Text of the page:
Clint Hurdle frequently discusses the importance of hitters "staying stubborn with their approach." Over the course of the opening homestand he outlined three elements of approach, which he said the team worked on extensively during Spring Training:
- Plate discipline: i.e. not swinging at pitches out of the strike zone.
- Hitting the curveball: Hurdle said they "lit up" the pitching machine during spring training, taking "more reps than we've ever done before; more swings than we've ever done before [against the curveball]."
- Driving the ball to all fields: a skill of added importance with more teams aggressively employing defensive shifts.
Obviously, the Pirates are not unique in stressing these three aspects of hitting. However, since Hurdle mentions them fairly frequently, and because they were areas of particular weakness in 2013, it is worth monitoring the Pirates' efforts to improve their approach this season.
Before looking at the numbers, here is the obligatory caveat about small sample sizes: We should not make too much of what appears to be the improved approach of Pirates' hitters this early in the season. It is likely that the numbers will change dramatically over the course of the next few months. This, then, is merely an early snapshot of what will be one of the important storylines this season.
There are many ways to measure plate discipline, but here I'm going to focus on the one that I find most compelling: O-Zone percentage.
O-Zone percentage is the percentage times that a hitter swings at pitches outside of the strike zone.
The Pirates are swinging at 5.5 percent less pitches out of the strike zone over the first eight games of the season, and rank in the top sixth of the MLB. Interestingly, the league O-Zone rate is down 2.2 percent.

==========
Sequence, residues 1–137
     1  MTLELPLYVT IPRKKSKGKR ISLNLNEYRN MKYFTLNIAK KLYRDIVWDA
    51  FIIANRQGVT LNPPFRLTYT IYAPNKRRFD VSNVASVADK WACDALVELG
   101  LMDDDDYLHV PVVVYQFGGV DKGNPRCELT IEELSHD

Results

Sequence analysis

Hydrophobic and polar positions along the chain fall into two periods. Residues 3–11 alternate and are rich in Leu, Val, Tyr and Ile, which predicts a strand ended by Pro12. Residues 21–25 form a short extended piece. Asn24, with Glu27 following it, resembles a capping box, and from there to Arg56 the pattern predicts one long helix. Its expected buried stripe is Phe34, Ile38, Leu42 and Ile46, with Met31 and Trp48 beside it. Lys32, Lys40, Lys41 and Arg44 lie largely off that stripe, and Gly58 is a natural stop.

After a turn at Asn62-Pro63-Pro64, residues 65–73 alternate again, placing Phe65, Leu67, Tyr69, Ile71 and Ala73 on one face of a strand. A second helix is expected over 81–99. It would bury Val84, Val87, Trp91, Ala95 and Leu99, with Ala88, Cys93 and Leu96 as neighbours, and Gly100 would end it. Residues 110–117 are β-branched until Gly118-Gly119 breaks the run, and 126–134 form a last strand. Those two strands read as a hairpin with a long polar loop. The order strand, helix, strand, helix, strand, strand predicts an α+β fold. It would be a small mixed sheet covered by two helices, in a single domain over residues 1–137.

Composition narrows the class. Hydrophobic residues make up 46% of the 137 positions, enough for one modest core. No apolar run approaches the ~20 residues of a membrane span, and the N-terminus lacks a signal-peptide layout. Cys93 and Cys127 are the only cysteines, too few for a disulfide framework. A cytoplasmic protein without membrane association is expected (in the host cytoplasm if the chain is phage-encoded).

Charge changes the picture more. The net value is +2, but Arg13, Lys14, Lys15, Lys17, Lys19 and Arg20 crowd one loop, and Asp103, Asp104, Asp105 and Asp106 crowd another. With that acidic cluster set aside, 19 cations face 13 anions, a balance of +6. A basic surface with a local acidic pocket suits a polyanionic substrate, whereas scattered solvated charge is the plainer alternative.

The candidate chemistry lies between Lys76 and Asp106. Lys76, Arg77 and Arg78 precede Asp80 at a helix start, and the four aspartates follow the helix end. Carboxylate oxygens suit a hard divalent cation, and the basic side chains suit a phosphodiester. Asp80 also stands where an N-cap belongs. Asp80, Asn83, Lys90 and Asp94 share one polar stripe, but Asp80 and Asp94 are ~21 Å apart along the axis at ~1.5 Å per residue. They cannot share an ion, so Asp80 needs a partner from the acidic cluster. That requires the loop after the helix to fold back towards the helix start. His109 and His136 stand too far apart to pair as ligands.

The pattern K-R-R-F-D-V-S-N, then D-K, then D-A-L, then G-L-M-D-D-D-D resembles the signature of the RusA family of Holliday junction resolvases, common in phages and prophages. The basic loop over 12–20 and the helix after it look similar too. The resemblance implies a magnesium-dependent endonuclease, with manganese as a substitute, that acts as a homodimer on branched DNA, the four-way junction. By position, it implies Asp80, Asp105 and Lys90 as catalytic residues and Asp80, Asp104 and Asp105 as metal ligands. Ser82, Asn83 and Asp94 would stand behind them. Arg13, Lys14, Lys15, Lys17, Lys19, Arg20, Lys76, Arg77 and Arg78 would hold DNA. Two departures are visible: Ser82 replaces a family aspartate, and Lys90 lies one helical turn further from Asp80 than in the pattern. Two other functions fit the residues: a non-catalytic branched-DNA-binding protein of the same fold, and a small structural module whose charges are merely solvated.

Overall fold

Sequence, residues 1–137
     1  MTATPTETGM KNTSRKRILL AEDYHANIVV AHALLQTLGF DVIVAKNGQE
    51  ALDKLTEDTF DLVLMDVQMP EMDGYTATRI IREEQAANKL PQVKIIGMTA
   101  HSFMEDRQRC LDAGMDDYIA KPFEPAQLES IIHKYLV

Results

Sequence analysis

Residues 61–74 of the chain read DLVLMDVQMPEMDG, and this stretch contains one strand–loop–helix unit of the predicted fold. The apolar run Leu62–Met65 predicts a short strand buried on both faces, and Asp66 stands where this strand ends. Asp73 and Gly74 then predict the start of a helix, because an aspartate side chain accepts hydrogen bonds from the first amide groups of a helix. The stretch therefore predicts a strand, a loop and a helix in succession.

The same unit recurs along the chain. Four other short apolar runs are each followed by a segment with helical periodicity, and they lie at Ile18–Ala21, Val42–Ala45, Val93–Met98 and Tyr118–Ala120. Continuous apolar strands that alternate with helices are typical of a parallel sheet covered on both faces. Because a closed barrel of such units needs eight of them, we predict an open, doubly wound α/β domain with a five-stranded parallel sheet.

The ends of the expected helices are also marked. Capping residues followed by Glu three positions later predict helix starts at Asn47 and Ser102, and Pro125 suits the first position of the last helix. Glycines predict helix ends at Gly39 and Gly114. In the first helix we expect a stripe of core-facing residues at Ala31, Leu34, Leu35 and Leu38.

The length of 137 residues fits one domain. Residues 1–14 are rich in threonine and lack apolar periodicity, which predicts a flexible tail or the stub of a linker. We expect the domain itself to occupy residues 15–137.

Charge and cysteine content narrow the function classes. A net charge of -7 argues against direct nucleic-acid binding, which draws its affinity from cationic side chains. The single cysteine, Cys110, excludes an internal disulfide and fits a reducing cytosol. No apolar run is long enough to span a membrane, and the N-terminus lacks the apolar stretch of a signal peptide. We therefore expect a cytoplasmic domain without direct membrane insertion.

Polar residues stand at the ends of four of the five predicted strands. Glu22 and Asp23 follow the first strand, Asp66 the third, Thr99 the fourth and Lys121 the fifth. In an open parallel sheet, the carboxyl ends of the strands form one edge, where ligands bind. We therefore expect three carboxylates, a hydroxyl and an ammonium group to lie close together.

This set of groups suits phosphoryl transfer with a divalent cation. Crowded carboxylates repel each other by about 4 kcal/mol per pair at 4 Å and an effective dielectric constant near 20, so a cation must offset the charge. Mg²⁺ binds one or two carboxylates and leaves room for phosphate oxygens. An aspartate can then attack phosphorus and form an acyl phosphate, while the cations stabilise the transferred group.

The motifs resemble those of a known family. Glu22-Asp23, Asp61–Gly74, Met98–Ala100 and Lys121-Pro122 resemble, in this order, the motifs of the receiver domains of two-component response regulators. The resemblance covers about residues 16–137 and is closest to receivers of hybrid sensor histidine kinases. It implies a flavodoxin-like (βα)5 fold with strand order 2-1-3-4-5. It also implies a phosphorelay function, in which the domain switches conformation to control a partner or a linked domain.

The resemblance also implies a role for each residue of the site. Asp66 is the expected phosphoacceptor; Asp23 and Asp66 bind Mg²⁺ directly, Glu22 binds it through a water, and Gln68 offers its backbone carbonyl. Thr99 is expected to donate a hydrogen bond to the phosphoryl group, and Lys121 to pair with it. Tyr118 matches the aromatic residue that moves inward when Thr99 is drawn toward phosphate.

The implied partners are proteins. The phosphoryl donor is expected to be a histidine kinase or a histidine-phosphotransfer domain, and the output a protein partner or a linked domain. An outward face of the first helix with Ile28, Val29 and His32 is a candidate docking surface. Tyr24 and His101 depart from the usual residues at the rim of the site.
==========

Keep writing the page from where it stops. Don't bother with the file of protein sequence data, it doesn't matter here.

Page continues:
A number of important contributors to the Pirates' offense are displaying better discipline. But it's early!
To see how well the Pirates are hitting the curve, I used Fangraphs' pitch linear weight values. The pitch value indicates the number of runs above or below average the team is producing against the pitch.
Here again we see that the Pirates have shown solid improvement in their approach against the curveball through the first eight games.
The players showing some of the most improvement so far are Starling Marte, from -.9-to 1.5, and Pedro Alvarez, -4.1-to .4.
Hitting the ball to all fields
In order to examine the distribution of batted balls, I calculated the percentage of balls pulled, hit up the middle and hit to the opposite field. Horizontally the Pirates are compared to league average; vertically the Pirates are compared by season.
(Click to enlarge)
The Pirates are pulling the ball less, hitting the ball up the middle more and hitting to the opposite field slightly less. Overall, while they are not hitting the ball to the opposite field more, they are pulling less, which one could say is an improvement over excessive pulling.
They are still hitting the ball to the opposite field less than MLB average, but they make up for that difference by pulling less, and hitting it up the middle more.
It is so early in the season that I feel a little uncomfortable posting a study like this. However, the Pirates' hitting approach is already becoming a storyline, and it seems to be showing signs of improvement over last year. I am sure that we will revisit this issue throughout the season.